Pages (Paperback): 448 pages
Publisher: Penguin Canada
Released: August 24, 2010
Quick Thoughts: First, let me thank Penguin Canada for providing me with this review copy. I've been wanting to read Sophie Hannah's books for awhile now and this one was a great place to start.
Review: Helen Yardley, a mother who was wrongfully convicted of killing her two children, is killed. Sarah Jaggard, who was acquitted of charges of killing the child she babysat, is attacked. Rachel Hines, another mother wrongfully convicted of killing her two children, just wants to be left alone. Dr. Judith Duffy, the woman who helped send Helen and Rachel away and almost did the same for Sarah, doesn't want to be bothered by anyone.
Fliss Benson, who was just been 'promoted' to executive producer, took over the responsibilities of producing a documentary about the three women and how the Dr. Judith Duffy destroyed their lives.
When Helen is murdered, the police find a single white card with sixteen numbers on it. The same card that Sarah received after her attack and the one that Fliss keeps receiving in the post. But what do the numbers mean and how does it link the four women together?
Final Thoughts: A Room Swept White was an interesting look at infanticide and the aftermath of families who were wrongfully convicted. There are two sides to every story and I felt like Hannah did a good job making me not hate Judith. I came into the novel thinking that I would dislike the woman who sent innocent women to jail, but the more I read about her, the more I liked her. I don't know if this was because of the hate many of the characters had for her caused me to feel bad and therefore like her, or if it was because knew that this was fiction, and therefore, didn't have to feel guilty for liking her.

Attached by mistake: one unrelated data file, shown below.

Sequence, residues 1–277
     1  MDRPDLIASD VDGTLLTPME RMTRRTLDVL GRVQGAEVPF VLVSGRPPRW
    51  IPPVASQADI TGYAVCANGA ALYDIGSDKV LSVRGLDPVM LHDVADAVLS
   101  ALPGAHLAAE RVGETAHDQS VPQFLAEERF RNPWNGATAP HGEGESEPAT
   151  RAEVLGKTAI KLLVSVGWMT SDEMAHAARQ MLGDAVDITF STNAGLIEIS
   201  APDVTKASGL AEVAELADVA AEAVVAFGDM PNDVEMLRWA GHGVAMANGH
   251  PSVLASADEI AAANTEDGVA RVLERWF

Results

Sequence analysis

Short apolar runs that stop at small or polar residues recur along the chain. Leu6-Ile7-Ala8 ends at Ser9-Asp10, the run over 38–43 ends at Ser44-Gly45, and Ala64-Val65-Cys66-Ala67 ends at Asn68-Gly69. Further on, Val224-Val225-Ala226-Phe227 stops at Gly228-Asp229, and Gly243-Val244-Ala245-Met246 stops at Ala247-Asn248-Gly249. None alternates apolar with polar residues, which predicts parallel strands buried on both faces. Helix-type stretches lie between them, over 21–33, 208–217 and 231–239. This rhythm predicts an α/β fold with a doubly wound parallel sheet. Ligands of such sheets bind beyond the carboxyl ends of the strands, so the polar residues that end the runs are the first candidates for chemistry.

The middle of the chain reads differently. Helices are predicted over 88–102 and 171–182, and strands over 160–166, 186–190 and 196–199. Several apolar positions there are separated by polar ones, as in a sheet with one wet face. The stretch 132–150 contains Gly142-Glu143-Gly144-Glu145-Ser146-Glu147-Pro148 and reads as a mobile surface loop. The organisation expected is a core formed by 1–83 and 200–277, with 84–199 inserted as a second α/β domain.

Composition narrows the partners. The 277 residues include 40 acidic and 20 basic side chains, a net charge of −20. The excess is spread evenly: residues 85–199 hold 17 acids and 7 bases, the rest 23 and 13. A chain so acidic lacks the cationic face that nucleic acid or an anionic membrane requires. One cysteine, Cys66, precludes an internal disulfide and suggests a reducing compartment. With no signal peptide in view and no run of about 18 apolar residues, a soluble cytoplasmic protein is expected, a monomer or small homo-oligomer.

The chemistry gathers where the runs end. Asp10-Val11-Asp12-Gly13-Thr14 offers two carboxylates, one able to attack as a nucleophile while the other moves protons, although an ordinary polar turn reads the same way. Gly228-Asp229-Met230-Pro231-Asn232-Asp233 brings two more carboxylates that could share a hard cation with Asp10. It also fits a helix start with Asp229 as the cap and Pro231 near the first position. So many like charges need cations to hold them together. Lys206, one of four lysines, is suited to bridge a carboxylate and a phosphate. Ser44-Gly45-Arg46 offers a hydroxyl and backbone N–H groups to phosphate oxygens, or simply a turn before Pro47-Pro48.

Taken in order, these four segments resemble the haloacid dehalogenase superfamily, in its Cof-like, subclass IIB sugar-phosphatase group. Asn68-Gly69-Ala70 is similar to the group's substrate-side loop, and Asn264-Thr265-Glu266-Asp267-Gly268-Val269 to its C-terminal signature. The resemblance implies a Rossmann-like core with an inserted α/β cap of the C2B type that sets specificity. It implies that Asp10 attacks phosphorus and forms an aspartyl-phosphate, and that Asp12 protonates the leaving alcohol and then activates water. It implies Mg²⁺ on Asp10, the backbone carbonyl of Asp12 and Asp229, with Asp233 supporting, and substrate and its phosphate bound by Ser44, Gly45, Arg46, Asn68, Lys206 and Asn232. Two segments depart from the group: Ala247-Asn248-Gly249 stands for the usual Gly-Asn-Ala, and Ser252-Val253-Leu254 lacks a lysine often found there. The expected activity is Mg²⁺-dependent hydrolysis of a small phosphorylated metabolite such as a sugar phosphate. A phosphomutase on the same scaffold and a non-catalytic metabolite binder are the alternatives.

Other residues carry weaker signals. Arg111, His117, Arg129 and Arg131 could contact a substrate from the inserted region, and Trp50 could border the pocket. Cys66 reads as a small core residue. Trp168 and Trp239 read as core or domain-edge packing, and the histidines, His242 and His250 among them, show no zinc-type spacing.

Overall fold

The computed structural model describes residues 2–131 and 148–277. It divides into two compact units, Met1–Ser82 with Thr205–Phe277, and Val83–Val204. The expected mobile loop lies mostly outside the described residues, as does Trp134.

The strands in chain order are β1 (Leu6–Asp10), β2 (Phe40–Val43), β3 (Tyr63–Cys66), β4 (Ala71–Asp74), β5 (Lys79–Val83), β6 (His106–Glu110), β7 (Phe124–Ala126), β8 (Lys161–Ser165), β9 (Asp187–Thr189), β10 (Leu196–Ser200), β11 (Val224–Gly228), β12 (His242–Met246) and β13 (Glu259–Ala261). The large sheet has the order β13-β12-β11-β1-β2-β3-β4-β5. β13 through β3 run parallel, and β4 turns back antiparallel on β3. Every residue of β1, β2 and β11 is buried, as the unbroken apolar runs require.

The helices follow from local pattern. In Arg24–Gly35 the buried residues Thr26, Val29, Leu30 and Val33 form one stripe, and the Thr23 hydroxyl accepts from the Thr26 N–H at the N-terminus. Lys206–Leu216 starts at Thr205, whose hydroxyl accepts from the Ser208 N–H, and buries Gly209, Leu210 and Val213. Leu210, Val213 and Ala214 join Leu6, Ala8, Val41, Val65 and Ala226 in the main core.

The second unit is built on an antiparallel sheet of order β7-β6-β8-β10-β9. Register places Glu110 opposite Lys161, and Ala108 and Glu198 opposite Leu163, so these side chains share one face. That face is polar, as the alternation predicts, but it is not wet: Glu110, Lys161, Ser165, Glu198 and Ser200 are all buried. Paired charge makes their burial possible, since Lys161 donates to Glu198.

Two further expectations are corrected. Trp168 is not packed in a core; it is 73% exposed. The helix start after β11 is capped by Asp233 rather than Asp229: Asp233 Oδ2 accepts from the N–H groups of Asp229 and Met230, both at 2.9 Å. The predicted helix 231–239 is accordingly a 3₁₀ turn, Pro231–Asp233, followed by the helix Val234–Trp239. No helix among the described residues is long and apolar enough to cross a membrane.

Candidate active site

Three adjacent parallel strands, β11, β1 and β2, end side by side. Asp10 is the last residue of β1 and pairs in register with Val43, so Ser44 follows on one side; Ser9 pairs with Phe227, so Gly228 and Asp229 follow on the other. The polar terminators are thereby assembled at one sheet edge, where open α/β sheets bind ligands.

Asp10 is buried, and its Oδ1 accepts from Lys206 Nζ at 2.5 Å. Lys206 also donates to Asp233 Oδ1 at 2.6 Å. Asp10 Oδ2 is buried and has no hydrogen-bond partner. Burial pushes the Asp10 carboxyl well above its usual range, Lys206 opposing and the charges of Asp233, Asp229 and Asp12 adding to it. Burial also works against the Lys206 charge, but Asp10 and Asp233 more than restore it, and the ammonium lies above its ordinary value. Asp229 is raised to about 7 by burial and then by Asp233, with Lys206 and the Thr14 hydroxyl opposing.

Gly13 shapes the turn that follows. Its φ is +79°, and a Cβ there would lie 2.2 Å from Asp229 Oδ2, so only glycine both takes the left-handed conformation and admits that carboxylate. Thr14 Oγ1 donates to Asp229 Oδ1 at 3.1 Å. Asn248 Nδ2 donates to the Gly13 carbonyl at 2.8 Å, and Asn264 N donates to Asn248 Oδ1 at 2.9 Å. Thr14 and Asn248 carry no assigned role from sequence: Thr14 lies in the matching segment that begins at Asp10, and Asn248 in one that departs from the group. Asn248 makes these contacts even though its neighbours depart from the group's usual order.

Her reasons for sending her testimony were valid, through her eyes, and even though she was wrong, she wasn't, if that makes sense. If I were one of the mothers or a member of their family and friends, I would hate her too though. I did feel guilty that the more I read her accounts, the more I started to doubt Helen and her innocence.
My biggest complaint is the character of Fliss. The book starts with an interview and then a news article about Helen's death. After reading about these, you want to know what will happen next, but then the novel introduces Fliss and the flow was lost on me. Her parts are in first person, when everything else is written in third. This was the biggest reason why the story threw me off when I got to her parts. I’d be reading a news article, or about what the police are doing, and then the novel would switch to first person and it was slightly awkward to read. I did get use to this as the novel went by, but at first, it was challenging. It's not until she meets Rachel when her parts become more interesting, and even then, it's not due to her, but her surroundings.
There are some questions that weren't answered, especially about the police or if Helen really did kill her kids (gosh I feel bad writing this), but overall I enjoyed my time reading the novel. It's thought provoking, intriguing, and has a nice mix of drama with suspense. I loved the Hannah included news articles, interviews, and book excerpts, these were my favourite parts of the novel and it made the situation feel more serious and heavy. I look forward to reading more books by Sophie Hannah.
Grade: 8 out of 10
Read the shorter version of this review at 5 Line Reviews.